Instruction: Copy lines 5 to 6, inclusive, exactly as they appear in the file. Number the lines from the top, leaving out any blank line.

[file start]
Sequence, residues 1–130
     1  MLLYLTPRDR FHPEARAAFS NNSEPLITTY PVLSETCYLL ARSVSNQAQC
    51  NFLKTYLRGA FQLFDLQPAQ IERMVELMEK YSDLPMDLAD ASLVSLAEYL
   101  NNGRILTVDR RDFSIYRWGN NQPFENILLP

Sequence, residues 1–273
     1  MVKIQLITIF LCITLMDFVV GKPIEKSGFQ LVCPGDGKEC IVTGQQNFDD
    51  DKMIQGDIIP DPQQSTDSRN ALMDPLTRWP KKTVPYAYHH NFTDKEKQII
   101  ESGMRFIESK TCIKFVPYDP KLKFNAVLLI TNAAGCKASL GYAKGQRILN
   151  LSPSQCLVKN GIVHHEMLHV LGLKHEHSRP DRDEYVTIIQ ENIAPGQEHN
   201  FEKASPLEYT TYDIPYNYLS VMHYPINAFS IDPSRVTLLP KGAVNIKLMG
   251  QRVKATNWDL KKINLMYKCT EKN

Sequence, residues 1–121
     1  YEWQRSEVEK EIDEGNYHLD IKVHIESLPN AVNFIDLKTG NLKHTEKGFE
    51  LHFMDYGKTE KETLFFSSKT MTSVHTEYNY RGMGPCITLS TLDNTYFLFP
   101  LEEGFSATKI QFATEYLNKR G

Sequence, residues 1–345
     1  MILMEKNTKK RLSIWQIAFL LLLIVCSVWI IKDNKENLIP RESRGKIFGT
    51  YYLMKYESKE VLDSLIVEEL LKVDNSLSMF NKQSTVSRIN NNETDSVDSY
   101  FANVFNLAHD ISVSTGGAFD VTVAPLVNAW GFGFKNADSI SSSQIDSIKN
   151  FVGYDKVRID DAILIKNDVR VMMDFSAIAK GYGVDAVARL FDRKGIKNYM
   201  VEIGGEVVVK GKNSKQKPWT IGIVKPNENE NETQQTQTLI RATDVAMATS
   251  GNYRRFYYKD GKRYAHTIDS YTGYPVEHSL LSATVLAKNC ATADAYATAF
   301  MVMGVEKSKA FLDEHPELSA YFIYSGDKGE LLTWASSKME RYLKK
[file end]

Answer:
Sequence, residues 1–273
     1  MVKIQLITIF LCITLMDFVV GKPIEKSGFQ LVCPGDGKEC IVTGQQNFDD